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Title:Towards electrochemical diagnostics of biochemical free radical species in aqueous microliter volumes
Author(s):Chainani, Edward
Director of Research:Scheeline, Alexander
Doctoral Committee Chair(s):Scheeline, Alexander
Doctoral Committee Member(s):Bailey, Ryan C.; Pearlstein, Arne J.; Wieckowski, Andrzej
Department / Program:Chemistry
Degree Granting Institution:University of Illinois at Urbana-Champaign
Subject(s):acoustic levitation
levitated drop
free radicals
Abstract:Reactive oxygen species (ROS) are free radicals often implicated in disease states. In probing related enzyme processes, reactant consumption must be minimized. Levitated drops show potential as microreactors where radicals are present as reactants or products. Solid/liquid interfaces are absent or minimized, avoiding adsorption and interfacial reaction of conventional microfluidics. Probing small volumes electrochemically requires an integrated sensor with reference, counter-, and one or more working electrodes. Microfabrication allows production of planar gold sensor microelectrodes. A design that placed eight copies of the sensor on a single wafer maximized throughput and use of available substrate area. Titanium was found to be superior to chromium in corrosion resistance while providing adequate adhesion between gold and the polyimide-passivated silicon substrate. A lithographic process using image reversal with lift-off proved superior to etching in terms of line width range, allowing resolution of narrow electrodes (<25 μm) and wider conductive paths. Photosensitive polyimide proved capable of insulating non-electroactive sensor regions, prevented the occurrence of metal delamination encountered in previous electrode designs, as well as defining active electrode areas. Laser milling detached individual electrodes from the wafer and shaped the tip for piercing the levitated drop. The resulting three-electrode sensor with microdisk gold working electrode of radius 19 μm was characterized using ferrocenemethanol in aqueous buffer. Using cyclic voltammetry, the electrochemically active surface area was estimated by combining a recessed microdisk electrode model with the Randles-Sevcik equation. Computer-controlled ballistic introduction of reactant droplets into a levitated drop was developed. Chronoamperometric measurements of ferrocyanide with the microfabricated electrode demonstrated the electrochemical monitoring of reactions in a levitated drop, as well as the feasibility of adding reactants ballistically to the drop. Although concentration increases with time due to drop evaporation, it was found to be predictable with a linear evaporation model. Comparison of diffusion-limited currents in pendant and levitated drops shows that convection arising from acoustic levitation causes an enhancement of diffusion-limited current on the order of 16%. The study of ROS-mediated processes requires a supply of the ROS under investigation. A flow system was designed to generate superoxide radical anion (O2 -) at near-neutral pH by rapid mixing of potassium superoxide dissolved in dimethyl sulfoxide by two- stage mixing with aqueous buffers. This system’s intended application is the delivery of O2 - to bacteria immobilized on filters for investigating attenuation by O2 - on Salmonella enterica serovar typhimurium. Measurements of flow rates and calculations of residence times indicate final aqueous O2 - concentrations up to 50 μM are possible. A spectrophotometric flow cell was devised to confirm the concentration of superoxide.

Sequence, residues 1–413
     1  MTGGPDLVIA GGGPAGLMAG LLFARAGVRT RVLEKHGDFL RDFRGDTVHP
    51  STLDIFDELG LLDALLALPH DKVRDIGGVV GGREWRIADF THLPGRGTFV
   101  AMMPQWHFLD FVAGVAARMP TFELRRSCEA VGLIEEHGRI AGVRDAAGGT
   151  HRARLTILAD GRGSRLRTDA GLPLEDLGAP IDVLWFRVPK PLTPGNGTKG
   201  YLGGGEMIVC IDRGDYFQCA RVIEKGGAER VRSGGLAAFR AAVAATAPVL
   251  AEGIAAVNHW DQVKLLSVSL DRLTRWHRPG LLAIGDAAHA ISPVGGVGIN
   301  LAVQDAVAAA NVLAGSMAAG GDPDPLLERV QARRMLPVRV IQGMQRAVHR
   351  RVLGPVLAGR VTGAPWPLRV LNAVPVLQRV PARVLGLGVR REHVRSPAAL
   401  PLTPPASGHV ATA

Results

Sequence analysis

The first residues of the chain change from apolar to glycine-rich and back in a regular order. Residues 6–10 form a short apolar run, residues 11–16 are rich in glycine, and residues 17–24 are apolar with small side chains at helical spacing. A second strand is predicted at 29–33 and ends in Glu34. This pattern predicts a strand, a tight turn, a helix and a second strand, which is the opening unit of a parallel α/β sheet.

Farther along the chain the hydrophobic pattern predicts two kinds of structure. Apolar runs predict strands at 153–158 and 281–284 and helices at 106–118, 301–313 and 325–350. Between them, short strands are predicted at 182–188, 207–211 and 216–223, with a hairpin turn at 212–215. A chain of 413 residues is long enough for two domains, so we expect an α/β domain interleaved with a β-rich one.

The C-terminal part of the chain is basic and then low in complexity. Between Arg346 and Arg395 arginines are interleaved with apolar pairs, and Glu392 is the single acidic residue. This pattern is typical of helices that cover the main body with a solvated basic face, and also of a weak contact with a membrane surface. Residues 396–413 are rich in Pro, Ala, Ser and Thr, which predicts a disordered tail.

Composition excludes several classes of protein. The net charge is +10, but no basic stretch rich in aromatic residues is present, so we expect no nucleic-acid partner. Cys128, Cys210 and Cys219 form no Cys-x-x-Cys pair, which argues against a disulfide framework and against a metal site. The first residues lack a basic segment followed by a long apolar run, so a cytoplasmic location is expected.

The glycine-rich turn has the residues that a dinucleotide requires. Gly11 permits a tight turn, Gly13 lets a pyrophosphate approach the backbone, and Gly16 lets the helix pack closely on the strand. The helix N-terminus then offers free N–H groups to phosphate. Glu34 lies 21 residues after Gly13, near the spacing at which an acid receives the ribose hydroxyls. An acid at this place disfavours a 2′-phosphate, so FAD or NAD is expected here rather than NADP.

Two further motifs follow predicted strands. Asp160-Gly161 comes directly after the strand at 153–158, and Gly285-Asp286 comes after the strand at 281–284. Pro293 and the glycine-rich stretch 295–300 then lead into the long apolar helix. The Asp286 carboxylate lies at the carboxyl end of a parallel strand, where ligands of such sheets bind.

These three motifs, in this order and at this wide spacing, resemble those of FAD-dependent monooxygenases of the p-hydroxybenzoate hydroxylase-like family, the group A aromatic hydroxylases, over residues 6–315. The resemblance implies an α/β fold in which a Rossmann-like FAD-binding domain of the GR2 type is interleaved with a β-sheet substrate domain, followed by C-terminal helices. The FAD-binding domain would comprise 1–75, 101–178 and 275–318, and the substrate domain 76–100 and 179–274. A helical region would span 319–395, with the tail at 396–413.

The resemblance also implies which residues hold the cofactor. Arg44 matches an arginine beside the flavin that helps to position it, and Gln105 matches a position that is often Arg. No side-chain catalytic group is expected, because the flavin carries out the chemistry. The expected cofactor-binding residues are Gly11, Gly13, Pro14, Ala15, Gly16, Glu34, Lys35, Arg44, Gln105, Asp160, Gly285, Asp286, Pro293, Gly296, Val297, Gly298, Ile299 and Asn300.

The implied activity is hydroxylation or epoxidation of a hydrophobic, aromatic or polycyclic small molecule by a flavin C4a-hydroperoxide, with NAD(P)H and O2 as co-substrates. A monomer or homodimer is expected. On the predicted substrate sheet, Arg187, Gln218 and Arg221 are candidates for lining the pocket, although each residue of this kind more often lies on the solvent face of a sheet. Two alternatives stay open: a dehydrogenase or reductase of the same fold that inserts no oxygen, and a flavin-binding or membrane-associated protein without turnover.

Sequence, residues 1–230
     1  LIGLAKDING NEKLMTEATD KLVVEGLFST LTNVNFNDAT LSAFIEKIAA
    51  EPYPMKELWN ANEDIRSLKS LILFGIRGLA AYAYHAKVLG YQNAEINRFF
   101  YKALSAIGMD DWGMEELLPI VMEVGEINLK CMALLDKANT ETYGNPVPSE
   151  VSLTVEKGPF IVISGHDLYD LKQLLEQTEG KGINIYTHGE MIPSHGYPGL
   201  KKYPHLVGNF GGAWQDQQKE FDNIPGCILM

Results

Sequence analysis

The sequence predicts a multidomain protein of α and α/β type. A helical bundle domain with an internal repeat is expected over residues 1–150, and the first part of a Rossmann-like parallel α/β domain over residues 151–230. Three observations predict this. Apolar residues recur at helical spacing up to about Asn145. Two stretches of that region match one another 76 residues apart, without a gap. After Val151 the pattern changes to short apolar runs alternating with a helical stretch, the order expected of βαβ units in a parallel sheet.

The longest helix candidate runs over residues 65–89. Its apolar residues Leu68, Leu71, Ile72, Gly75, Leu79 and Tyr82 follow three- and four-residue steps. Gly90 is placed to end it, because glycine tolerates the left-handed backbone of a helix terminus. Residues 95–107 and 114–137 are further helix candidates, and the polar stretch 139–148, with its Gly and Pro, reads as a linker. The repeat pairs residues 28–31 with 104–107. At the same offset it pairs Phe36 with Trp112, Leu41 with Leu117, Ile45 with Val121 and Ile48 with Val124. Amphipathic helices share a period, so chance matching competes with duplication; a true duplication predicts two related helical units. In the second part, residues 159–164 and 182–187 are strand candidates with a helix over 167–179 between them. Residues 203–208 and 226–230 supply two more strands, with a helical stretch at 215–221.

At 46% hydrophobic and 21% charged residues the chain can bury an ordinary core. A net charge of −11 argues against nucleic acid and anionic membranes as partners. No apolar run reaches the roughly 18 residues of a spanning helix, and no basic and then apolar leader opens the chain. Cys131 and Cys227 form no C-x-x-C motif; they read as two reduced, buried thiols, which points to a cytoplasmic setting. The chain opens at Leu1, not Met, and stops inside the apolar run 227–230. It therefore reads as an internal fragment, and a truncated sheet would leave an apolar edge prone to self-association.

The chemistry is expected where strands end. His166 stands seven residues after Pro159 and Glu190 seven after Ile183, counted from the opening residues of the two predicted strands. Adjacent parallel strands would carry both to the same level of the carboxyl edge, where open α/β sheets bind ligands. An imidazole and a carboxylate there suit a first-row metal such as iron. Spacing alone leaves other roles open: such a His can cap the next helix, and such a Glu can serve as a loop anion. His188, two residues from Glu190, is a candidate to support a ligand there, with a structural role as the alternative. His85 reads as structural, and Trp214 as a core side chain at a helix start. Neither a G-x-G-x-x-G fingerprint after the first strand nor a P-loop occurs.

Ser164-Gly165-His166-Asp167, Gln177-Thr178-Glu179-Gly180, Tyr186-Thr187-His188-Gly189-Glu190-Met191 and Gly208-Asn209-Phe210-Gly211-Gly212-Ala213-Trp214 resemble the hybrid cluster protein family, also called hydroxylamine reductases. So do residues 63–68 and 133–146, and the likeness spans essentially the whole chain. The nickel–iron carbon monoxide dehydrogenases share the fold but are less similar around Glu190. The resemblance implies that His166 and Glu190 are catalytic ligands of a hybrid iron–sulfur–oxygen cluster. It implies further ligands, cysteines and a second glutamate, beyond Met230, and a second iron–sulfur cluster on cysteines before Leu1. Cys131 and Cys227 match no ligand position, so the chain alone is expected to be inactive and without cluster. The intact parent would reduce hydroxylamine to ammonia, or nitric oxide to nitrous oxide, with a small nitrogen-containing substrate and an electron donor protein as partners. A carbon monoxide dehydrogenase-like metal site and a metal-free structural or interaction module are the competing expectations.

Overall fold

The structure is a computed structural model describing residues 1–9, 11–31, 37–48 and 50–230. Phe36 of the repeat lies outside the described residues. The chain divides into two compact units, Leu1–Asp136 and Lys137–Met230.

Issue Date:2013-02-03
Rights Information:Copyright 2012 Edward T. Chainani
Date Available in IDEALS:2013-02-03
Date Deposited:2012-12

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